This week’s guest post* is from Jonathan Wilson-Hartgrove, a thoughtful writer, speaker, and new monastic who lives in Durham, North Carolina. Jonathan’s written a lot about community and stability, and he’s been quoted here at Texas Schmexas more than once.
Lately I’ve been thinking about staying put and paying attention. In a culture that is characterized by unprecedented mobility and speed, I am convinced that the most important thing most of us can do to grow spiritually is to stay in the place where we are. I am not advocating a stubborn provincialism or harkening back to a time before the Internet and the automobile when “things were simpler” and “life was easier.” Nor am I denying that God called Abraham, saying, “Go . . . ” or that Jesus left his disciples with roughly the same marching orders. But I am convinced that both our use of new technologies and our faithful response to God’s call depend on something more fundamental—a rootedness that most of us sense we are missing in our hurry to keep up amid constant change. I believe we need to recover the wisdom of stability.
Maybe this focus on stability is little more than a confession of my own need. I was raised in Christian churches by people who loved me well, charged to go out there and make a difference in the world, and given some of the best resources and training available for the task. I showed the Jesus film in the African bush, helped build schools for AIDS orphans, dug latrines in the Dominican Republic, played with kids from the barrios of Venezuela, built houses in Honduras, and tutored kids in Philadelphia’s inner city. A citizen of God’s kingdom, I tried to put my American passport to work for good in the world. But racking up all those frequent flyer miles for Jesus, I felt lonely. I wanted to share God’s love with others, but wasn’t sure where to experience it myself.
Hung over from all that travel, I stumbled into a little intentional community of Christians who were trying to love one another and their neighbors. It wasn’t easy . . . and it showed. But I saw something compelling in that little group’s experiment with faith: they had given themselves to God and one another in a particular place. They saw one another’s junk, and they could talk about it. In all the ordinariness of everyday life, they knew what it meant to need forgiveness and to receive it. In short, they were learning to love one another. God’s love became real for me in that place. I caught a glimpse of what I had been looking for.
Like the blind man who received his sight in the Gospels, I looked around to see my world again as if for the first time. I reread the Bible and saw in it God’s plan to redeem the world through a gathered people. Paul’s letters came alive to me as I imagined him leading a network of community organizers, convinced that they were part of the most important movement the world had ever known. When I turned to church history, I felt that same energy in monastic writings. Christians had a pretty mixed record when it came to living out the kingdom Jesus proclaimed, but the monastic movements seemed to have kept the dream alive. I fell in love with the desert mothers and fathers, with Benedict and Francis and Lady Julian and Teresa of Avila. Here was a movement of which I wanted to be a part.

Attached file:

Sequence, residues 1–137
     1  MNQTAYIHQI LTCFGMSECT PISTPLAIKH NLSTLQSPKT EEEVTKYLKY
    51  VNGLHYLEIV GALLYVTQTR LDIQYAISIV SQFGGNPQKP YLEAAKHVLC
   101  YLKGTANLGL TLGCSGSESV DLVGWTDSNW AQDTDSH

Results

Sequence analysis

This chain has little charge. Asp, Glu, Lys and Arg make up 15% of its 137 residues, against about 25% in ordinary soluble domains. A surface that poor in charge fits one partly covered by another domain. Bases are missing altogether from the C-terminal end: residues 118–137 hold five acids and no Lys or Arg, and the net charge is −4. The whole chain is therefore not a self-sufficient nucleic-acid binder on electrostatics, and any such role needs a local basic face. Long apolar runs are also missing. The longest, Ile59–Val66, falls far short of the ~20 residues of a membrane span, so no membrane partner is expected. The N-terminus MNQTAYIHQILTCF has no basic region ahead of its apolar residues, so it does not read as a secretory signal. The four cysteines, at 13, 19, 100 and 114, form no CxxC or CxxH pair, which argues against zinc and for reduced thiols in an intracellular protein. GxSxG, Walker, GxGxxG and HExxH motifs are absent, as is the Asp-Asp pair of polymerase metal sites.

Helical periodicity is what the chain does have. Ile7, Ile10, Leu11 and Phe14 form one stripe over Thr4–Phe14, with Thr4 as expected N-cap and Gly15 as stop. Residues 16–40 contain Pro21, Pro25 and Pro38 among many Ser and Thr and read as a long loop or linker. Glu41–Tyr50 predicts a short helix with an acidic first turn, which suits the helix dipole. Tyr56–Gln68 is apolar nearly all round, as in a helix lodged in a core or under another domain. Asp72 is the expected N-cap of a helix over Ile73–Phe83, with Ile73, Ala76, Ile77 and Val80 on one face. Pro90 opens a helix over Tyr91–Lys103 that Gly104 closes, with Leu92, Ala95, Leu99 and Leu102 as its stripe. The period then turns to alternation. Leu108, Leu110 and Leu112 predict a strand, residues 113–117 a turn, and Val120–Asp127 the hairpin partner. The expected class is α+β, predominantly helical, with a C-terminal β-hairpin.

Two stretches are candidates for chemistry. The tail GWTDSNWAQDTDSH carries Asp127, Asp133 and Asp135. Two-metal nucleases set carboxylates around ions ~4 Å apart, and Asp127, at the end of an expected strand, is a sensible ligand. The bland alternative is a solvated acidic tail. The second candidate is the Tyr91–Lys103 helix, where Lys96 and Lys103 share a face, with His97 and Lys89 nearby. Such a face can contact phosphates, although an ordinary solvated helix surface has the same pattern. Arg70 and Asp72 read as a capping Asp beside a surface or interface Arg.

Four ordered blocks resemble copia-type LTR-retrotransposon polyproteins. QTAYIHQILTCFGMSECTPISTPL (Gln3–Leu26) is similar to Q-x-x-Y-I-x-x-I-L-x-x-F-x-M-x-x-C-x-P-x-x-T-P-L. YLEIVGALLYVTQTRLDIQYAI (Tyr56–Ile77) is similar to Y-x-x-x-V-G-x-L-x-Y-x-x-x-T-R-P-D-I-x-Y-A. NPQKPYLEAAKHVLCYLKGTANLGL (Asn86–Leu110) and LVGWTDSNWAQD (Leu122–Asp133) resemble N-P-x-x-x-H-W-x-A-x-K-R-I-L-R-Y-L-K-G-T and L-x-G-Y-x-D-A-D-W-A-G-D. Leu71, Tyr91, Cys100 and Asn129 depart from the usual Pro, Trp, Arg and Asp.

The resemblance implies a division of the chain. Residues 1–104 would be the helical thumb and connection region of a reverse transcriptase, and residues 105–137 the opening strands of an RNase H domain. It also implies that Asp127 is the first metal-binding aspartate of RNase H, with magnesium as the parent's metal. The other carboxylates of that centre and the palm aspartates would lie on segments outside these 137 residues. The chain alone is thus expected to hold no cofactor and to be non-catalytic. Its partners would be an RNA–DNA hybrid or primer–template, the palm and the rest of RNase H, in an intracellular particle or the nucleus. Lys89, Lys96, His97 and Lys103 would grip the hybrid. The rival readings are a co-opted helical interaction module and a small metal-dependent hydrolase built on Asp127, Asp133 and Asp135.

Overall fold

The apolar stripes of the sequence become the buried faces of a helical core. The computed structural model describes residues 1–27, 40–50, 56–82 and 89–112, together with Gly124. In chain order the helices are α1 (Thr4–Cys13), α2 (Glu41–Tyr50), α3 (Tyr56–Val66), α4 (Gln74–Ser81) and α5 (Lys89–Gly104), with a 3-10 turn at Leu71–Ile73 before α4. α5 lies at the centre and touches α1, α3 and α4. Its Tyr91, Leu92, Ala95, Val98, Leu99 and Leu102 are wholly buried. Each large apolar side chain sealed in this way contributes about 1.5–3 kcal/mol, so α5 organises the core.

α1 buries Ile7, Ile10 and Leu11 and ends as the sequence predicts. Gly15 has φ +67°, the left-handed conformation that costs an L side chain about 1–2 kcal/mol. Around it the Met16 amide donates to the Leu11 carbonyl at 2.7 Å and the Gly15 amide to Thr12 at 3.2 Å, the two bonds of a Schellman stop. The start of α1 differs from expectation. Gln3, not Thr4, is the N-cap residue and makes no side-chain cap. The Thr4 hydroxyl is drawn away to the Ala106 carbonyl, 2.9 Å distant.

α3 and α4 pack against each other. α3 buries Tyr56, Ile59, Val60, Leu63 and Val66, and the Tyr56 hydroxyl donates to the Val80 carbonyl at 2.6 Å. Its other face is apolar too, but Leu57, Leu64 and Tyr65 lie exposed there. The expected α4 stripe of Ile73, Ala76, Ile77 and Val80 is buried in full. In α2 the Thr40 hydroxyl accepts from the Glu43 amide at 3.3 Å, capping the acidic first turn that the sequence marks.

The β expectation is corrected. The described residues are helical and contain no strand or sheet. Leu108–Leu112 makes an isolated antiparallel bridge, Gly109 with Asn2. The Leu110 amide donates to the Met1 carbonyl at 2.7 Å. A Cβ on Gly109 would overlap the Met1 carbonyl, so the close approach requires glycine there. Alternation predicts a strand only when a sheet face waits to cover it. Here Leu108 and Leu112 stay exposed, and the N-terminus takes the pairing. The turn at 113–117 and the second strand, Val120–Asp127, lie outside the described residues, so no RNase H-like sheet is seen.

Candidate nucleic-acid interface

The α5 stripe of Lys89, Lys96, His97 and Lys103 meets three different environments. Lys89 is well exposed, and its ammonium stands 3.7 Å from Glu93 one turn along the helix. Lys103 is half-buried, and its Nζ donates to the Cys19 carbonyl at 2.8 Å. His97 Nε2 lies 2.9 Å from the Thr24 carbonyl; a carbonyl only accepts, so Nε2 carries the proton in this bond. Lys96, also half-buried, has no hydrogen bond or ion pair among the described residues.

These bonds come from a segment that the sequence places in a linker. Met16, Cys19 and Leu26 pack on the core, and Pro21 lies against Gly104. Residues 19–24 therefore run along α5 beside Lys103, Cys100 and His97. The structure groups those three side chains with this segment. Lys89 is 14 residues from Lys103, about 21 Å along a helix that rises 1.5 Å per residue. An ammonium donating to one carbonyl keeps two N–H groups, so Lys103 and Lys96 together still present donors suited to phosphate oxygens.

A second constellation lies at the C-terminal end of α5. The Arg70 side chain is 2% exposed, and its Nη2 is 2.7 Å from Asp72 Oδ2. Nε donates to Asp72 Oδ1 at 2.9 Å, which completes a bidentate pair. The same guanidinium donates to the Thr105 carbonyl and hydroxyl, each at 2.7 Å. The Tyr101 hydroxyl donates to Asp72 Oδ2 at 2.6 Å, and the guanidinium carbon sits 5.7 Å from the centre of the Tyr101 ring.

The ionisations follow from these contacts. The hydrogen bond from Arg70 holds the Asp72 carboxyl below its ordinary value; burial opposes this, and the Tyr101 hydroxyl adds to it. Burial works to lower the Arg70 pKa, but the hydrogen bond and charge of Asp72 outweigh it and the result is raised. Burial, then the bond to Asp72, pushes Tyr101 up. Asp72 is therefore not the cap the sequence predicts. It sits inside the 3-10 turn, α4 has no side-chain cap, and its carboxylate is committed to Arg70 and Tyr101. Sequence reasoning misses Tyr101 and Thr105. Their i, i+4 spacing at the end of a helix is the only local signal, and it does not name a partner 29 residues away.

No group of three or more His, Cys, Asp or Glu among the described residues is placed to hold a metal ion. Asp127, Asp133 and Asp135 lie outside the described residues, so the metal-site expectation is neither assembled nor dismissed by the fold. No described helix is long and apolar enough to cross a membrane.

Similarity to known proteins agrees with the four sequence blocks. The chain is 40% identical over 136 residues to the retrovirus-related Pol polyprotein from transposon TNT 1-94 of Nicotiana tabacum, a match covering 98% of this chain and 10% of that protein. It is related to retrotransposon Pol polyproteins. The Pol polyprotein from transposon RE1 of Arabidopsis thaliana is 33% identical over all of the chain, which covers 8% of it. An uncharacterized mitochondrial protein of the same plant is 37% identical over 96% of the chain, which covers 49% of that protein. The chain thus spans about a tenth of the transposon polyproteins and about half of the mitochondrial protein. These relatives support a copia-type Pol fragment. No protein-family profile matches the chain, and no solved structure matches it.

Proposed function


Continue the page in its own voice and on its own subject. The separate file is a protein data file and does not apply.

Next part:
And I was not alone. This God movement was a living tradition, and the gift I had glimpsed in one little community was alive and well in other places, albeit under the radar of mainstream Christianity. My wife, Leah, introduced me to that first community, beginning a journey that we’ve shared ever since. We traveled to Iraq together at the beginning of the second Gulf War, taking our cue from the example of Francis, who crossed the lines and sat with the Muslims during the fifth Crusade. In Iraq we met others on similar paths, representing a host of communities we had not known before. Inspired by the hospitality of Iraqis at a place called Rutba, we returned home to found a community called Rutba House in the Walltown neighborhood of Durham, North Carolina. We did not know at the time that rutba means “order” in Arabic. But we did sense already that we were caught up in a “new monasticism,” guided by the same power that stirred the early church and all those witnesses through the centuries.
We did not know what we were doing when we started Rutba House. We only knew that we had seen a glimpse of what God’s love looks like and that we had to respond. I do not write in praise of ignorance; I know too well the pain of our mistakes. But I also know that awareness of our ignorance sent us searching for fellow travelers and listening to ancient voices. Stumbling to find our way as a community, we happened upon the wisdom of stability.
Should you ever leave the place where you are? I don’t know. But I trust we are able to best discern the call of God in the company of friends when we are rooted in the life-giving wisdom of stability.
* If these paragraphs sound familiar, you’ve probably read The Wisdom of Stability. Thanks to Jonathan for graciously providing this excerpt to us as a meditation on community.